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1 of 2 people found the following review helpful
3.0 out of 5 stars A little too anodyne, 21 Oct. 2012
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This review is from: Life in the World Unseen: A Detailed Description of the Afterlife (Paperback)
The reviewer who gave this account one star makes some interesting points that coincide with my own thoughts after reading this book. This version of heaven does seem to reflect the self-satisfied and uninsightful world view of the Edwardian bourgeoisie. Overall, the account of 'heaven' is consistent with modern interpretation if somewhat boring. On the other hand, a world with 'insects' - or one that reflected conditions as we experience them here and now - would more closely resemble hell than heaven. The weakest point in the account is the one that has to do with a deceased celebrity who appears to be one of the early 20th century British kings. Apparently he is having a nice afterlife, surrounded with faithful retainers, just like at 'home'. This individual lived at approximately the same time that Jack London wrote his 'People of the Abyss' (about this man's 'subjects') and it is difficult to imagine how anyone who had enjoyed a life of unadulterated privilege and influence while his fellow citizens lived in such miserable conditions, and who had left the world largely as he found it, would not be held to some sort of account for his lack of interest in improving his society. Certainly the former captain of industry, who now occupies a grim hovel, has been judged (by his own actions) and found wanting, as Jesus Christ predicted. In this version of heaven though the key to judgment seems to be the active rather than the passive exploitation of conditions as you found them. That contradicts the 'perfect justice' one might expect in a 'perfect world'. Its an entertaining read but one that raises more questions than it answers.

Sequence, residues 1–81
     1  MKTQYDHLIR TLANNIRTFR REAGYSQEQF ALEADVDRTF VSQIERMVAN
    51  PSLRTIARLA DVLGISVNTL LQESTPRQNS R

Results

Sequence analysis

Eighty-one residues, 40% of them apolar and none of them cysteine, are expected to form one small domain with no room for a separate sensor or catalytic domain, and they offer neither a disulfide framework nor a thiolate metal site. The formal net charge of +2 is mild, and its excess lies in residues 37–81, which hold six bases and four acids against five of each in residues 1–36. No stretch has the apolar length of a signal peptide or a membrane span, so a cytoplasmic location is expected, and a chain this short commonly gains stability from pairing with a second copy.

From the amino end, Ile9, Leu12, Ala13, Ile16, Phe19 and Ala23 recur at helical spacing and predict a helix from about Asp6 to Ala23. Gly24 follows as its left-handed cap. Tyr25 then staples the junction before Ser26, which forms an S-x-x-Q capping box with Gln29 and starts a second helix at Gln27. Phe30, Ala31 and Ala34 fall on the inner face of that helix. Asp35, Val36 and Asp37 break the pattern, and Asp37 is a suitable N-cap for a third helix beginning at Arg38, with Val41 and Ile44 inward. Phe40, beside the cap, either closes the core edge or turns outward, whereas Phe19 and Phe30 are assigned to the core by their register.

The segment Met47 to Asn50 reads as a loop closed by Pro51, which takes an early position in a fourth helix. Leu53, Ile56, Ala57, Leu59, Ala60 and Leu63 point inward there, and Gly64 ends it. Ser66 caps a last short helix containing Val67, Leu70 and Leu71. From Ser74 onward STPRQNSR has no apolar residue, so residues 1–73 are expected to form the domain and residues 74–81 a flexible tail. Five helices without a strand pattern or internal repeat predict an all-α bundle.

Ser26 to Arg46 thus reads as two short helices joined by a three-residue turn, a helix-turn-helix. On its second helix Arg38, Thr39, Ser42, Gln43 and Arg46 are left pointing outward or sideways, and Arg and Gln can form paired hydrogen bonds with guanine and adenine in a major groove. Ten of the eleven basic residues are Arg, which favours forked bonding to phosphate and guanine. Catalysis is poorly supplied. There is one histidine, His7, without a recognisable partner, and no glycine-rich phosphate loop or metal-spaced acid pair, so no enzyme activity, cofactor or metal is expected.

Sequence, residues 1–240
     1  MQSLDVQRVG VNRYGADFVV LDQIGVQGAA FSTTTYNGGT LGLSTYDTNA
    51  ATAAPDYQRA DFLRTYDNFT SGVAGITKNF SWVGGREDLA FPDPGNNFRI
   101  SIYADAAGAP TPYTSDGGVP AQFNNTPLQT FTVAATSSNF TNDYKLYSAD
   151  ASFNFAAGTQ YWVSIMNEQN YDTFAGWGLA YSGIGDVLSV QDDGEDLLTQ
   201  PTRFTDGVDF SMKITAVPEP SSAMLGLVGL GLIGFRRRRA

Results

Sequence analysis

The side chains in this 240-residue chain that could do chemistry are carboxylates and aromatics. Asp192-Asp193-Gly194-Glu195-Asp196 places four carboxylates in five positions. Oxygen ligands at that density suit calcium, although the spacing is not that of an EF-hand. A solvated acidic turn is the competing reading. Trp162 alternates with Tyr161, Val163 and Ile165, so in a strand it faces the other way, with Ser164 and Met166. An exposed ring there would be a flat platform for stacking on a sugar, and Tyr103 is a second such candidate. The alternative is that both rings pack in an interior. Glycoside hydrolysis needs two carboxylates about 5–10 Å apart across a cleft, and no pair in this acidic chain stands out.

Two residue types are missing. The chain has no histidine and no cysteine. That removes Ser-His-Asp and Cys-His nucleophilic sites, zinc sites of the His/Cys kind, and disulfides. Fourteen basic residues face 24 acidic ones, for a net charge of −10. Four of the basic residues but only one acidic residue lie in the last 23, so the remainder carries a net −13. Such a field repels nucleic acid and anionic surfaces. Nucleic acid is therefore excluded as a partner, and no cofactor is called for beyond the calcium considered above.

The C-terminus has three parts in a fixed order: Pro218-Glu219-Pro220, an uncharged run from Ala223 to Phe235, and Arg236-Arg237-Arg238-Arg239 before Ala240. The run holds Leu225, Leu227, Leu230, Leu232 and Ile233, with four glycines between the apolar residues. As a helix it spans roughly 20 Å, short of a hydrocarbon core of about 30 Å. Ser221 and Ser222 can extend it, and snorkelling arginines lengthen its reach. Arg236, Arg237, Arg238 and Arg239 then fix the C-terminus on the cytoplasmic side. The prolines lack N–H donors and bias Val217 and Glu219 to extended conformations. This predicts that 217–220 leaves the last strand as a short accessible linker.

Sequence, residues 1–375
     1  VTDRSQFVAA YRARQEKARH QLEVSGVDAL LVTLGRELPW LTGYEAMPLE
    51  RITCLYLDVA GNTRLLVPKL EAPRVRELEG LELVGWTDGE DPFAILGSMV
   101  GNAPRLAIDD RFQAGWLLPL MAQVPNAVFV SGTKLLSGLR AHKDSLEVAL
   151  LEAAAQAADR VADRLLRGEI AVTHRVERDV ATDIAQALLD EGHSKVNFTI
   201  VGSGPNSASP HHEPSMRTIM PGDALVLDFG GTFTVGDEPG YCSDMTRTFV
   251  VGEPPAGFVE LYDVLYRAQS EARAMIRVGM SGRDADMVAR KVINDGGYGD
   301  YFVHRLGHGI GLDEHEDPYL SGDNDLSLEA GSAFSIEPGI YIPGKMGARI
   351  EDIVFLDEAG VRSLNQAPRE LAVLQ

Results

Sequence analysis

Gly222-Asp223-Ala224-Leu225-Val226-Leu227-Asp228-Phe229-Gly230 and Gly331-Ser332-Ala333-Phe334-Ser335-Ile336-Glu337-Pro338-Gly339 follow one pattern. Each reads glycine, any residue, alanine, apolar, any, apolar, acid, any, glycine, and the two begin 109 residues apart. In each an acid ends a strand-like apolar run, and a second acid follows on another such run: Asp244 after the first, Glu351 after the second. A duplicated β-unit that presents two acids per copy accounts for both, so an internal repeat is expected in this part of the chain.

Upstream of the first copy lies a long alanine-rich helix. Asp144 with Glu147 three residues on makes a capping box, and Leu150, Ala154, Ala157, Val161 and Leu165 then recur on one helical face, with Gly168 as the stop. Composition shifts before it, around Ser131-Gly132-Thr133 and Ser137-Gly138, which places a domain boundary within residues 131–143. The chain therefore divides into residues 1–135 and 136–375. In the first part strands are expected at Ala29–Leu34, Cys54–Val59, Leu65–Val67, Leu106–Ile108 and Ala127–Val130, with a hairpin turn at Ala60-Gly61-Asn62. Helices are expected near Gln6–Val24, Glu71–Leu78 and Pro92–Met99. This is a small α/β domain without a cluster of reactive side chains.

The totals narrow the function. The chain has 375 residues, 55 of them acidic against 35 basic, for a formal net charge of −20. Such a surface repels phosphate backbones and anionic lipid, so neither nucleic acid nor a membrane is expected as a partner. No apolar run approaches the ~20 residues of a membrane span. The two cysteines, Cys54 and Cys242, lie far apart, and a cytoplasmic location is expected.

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Initial post: 9 May 2014 17:16:21 BDT
This excellent book does not, as other reviewers have posited, describe Heaven, but the afterlife of those who have laid aside their body and found themselves in the etheric counterpart of the Earth 'physical'. The etheric realms described are, like the embodied state of the Earth life, temporal, and necessitate reincarnation because all the lessons of time and place - 'the illusory state of mind that perceives itself as separate from the Creator Spirit, the Source of All' - have not yet been learnt. Heaven, unlike the etheric realms described in Anthony Borgia's very helpful account, is not temporal but eternal, from where no further lessons of remembering who we REALLY are, are needed, and no further incarnations are necessary. I commend this book to all who are seeking to understand more about what lies beyond, even though it is not an account of Heaven. For that, read A Course in Miracles.
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